Most programs work with floating point arithmetic. Floating point arithmetic represents numbers like this: 2.718281828*10^4. The largest possible floating point number is about 10^40, and the smallest possible floating point number is about 10^-40.
BrainMaker performs its internal calculations with fixed point arithmetic. Fixed point arithmetic represents numbers like this: 2.71828. In fixed point arithmetic, there is no exponent.
Because of this, all the numbers BrainMaker reads in from your training or testing files must be comverted from floating point to fixed point; then, when BrainMaker is done performing its neural computations, the results must be converted from fixed point back to floating point. These conversions introduce very small changes in your data values: for example, the number 2.71828 might be represented by BrainMaker as 2.7183.
We use fixed point arithmetic because it is much faster than floating point arithmetic; in fact, the entire MMX instruction set is dedicated to fixed point arithmetic. The price we pay for this speed is very small numeric differences.
Since artificial neural networks, like biological neural networks, are inherently low-precision processes, this makes no noticible difference in the quality of classification or prediction; however, it does mean that BrainMaker's display may not perfectly match the numbers in your training file.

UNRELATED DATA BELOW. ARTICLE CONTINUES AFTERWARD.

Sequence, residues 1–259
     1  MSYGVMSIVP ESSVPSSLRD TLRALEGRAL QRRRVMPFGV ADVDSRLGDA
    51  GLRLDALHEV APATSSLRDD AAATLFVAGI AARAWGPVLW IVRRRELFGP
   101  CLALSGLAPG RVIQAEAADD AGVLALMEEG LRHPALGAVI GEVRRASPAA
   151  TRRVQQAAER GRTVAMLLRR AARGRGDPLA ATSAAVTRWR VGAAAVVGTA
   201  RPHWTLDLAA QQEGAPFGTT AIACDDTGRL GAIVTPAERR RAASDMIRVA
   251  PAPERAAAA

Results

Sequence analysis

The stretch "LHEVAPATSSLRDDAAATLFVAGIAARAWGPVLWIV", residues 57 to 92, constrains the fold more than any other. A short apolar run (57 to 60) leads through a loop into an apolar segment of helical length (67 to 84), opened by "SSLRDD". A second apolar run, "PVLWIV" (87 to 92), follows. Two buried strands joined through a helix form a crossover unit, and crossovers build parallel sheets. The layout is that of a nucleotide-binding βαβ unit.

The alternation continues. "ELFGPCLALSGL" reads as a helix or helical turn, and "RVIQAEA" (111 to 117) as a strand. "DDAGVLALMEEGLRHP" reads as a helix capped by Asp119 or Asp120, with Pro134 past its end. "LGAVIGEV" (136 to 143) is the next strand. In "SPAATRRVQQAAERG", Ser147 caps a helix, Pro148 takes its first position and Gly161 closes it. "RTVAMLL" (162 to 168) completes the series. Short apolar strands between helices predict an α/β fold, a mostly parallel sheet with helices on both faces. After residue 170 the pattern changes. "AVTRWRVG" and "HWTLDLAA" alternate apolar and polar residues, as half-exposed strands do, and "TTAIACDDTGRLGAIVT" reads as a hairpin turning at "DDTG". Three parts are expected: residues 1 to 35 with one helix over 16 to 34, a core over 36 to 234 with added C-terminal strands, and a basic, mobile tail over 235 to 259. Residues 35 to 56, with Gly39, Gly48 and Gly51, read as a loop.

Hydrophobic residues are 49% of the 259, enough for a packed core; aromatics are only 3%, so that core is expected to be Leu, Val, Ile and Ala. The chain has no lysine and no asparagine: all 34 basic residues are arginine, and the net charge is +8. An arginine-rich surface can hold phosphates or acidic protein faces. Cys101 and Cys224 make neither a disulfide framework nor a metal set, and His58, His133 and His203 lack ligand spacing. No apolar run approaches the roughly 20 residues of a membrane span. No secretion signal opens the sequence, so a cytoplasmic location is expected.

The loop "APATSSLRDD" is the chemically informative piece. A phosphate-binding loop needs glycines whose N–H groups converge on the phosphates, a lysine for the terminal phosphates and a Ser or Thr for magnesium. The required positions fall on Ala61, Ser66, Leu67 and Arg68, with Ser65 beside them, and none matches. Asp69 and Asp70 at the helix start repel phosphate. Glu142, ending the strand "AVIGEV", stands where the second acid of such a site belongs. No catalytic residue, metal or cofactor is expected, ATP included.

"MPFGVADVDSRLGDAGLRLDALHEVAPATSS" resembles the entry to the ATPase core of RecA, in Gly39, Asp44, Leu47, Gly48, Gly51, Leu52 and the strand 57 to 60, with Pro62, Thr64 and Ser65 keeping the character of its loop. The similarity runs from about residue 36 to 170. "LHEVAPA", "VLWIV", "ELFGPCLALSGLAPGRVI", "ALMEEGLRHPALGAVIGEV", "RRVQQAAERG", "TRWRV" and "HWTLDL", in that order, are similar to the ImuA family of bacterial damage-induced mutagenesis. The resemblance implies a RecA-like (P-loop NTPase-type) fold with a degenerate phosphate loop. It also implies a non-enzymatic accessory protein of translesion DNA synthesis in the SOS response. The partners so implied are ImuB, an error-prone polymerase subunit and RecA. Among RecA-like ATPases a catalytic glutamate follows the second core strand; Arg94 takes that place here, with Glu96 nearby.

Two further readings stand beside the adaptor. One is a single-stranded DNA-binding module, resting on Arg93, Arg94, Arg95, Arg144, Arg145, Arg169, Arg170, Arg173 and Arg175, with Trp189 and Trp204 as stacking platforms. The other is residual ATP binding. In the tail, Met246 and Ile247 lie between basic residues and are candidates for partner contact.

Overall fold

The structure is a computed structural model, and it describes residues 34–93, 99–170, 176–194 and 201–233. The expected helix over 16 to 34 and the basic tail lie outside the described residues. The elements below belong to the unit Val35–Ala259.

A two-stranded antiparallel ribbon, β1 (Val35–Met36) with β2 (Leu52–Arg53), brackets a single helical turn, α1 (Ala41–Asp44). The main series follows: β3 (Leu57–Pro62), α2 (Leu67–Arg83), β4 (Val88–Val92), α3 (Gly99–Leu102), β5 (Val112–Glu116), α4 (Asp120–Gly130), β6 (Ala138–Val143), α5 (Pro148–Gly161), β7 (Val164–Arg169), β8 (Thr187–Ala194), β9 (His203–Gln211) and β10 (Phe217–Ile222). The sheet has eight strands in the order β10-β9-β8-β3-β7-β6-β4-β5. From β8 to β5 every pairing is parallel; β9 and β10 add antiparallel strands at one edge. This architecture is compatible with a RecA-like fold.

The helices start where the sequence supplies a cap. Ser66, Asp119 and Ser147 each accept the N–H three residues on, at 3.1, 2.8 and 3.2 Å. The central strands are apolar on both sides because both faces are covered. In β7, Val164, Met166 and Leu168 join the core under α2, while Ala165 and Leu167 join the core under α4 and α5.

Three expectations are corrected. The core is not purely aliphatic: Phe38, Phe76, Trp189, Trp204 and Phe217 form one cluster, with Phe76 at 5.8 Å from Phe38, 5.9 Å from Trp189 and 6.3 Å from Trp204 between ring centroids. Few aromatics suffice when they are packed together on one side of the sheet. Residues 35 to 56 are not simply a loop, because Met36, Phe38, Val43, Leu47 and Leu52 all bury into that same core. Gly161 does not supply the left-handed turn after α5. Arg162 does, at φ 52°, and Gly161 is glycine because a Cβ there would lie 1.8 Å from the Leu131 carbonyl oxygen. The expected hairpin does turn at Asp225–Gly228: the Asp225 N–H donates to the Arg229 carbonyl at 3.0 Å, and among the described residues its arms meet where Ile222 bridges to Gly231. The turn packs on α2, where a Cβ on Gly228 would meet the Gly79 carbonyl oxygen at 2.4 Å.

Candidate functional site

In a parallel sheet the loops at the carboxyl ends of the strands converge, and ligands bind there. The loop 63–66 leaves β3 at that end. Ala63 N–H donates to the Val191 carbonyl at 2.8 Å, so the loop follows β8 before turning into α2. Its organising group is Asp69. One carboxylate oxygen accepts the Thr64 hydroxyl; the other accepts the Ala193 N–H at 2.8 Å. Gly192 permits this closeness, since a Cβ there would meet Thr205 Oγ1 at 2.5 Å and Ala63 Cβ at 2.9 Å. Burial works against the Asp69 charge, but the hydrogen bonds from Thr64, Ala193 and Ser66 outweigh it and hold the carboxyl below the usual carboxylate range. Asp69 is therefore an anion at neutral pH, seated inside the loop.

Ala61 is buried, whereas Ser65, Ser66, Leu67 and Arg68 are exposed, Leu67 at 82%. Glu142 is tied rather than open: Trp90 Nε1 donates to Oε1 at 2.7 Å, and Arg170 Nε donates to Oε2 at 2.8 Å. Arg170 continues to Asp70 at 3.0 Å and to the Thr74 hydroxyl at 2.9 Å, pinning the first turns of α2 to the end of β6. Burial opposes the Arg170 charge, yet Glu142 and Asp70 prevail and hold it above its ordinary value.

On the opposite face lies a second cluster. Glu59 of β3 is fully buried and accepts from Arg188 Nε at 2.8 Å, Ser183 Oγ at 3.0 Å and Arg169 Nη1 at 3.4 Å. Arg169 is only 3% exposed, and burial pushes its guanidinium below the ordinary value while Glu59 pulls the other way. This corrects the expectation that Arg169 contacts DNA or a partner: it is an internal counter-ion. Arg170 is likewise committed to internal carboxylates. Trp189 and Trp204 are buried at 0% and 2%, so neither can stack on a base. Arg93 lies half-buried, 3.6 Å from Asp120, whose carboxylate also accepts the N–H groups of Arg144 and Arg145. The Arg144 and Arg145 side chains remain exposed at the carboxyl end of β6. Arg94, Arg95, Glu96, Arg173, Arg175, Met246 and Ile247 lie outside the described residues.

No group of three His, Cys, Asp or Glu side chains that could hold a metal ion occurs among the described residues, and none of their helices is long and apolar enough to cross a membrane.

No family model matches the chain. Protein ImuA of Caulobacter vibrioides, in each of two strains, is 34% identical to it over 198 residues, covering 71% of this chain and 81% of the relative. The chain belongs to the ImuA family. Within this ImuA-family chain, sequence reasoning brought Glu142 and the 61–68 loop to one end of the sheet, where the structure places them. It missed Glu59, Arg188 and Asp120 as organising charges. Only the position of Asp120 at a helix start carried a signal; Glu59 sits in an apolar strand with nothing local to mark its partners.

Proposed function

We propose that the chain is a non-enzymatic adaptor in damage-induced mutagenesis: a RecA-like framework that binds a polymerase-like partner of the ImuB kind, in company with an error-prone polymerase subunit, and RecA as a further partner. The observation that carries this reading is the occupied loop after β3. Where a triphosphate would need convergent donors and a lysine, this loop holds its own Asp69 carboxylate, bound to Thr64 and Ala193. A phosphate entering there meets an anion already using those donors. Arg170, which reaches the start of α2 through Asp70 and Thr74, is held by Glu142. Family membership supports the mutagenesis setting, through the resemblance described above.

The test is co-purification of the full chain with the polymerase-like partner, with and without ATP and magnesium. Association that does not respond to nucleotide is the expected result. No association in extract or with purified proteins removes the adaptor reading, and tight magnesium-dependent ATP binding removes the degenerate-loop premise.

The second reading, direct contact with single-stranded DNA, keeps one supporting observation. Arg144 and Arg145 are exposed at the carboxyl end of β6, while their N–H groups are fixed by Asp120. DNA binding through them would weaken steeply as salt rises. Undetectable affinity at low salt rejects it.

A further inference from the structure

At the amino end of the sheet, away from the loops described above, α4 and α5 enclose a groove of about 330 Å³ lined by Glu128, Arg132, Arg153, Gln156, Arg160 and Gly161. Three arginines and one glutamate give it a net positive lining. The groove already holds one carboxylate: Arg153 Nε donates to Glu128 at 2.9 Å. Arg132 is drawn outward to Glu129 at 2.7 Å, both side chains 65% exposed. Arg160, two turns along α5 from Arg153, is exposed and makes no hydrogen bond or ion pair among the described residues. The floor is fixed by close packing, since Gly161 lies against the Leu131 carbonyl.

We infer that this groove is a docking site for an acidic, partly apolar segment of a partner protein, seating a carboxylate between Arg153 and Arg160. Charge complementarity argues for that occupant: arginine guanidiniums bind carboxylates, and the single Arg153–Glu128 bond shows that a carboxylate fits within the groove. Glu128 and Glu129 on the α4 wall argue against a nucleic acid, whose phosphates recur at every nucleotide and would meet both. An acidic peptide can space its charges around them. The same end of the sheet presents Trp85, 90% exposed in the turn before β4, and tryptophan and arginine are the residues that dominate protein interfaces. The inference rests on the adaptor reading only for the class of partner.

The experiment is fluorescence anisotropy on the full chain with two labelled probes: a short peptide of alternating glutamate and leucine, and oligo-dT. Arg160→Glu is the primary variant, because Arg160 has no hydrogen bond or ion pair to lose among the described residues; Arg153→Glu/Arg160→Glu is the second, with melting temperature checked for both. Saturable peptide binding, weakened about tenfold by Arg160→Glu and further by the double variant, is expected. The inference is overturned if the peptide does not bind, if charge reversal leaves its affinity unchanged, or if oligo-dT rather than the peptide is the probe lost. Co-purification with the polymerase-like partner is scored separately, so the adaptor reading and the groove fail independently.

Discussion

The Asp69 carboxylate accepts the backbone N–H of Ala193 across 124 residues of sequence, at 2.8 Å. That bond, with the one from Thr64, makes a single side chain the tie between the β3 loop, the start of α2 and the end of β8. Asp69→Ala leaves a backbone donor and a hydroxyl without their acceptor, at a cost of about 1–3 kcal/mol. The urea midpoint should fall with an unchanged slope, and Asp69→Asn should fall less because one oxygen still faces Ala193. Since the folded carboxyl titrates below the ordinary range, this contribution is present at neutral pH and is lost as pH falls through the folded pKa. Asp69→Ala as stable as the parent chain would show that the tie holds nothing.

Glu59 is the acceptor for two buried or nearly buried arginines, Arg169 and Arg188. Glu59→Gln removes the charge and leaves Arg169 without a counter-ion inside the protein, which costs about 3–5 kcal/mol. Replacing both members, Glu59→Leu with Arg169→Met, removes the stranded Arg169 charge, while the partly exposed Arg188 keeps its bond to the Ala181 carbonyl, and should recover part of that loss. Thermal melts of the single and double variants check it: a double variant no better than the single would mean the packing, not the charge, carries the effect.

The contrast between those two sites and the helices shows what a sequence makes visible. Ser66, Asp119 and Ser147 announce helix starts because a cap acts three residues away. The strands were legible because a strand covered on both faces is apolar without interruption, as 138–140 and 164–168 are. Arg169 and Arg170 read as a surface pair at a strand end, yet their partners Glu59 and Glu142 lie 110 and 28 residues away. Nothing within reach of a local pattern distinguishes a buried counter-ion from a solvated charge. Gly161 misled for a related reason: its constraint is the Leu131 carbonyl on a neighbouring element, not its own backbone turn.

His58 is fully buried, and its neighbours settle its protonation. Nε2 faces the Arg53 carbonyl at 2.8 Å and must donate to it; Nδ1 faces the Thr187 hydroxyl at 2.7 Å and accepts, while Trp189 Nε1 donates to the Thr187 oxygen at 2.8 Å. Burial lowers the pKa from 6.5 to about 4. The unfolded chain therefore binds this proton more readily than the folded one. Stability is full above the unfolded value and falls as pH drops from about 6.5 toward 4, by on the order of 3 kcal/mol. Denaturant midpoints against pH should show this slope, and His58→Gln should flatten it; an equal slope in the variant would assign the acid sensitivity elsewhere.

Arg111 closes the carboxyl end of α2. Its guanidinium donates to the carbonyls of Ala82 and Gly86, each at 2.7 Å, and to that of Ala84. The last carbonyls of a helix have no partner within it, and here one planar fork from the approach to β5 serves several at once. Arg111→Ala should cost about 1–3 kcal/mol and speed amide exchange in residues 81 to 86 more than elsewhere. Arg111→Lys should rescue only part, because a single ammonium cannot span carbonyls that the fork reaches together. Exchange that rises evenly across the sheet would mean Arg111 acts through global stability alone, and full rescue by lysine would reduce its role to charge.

Neural Networks are not inherantly precise things. The reason we humans invented computers and Lotus 123 is that we can't add up a long list of numbers accurately. Computers are much better at arithmetic than humans. People, on the other hand, can drive cars in traffic, walk up stairs, recognize speech, and choose good people for government positions (ok, maybe we're not so good at that last...). Artificial neural networks share the strengths and weaknesses of people.
Typically, a neural network can achieve precision of about 5%. This means if you ask BrainMaker to learn to multiply numbers up to 33x33 (results up to 1000), BrainMaker will learn to multiply numbers +/- about 50. This is not so good: you'd be better off using a calculator. If you're trying to predict the price of, say, GM stock, which varies from maybe 50 to 150, BrainMaker can learn to predict this within about 5%; since the range is 150-50 = 100, BrainMaker's error will be about +/- $5. Since this is a bigger price swing than GM typically has in a day, this approach is hopeless.
However, GM stock prices changes, one day to the next, vary from about down $5 to about up $5. If you have BrainMaker learn to predict a GM stock price change on the day, it will learn this within about 5%; since the range is not about $10, BrainMaker's precision will be about +/-$0.50.
People are a lot like this: a market expert, upon hearing some news about GM, will say something like "This will drive the price up about $5". If he happens to know that yesterday GM was trading at $110, then he'll predict that today GM will go for about $115.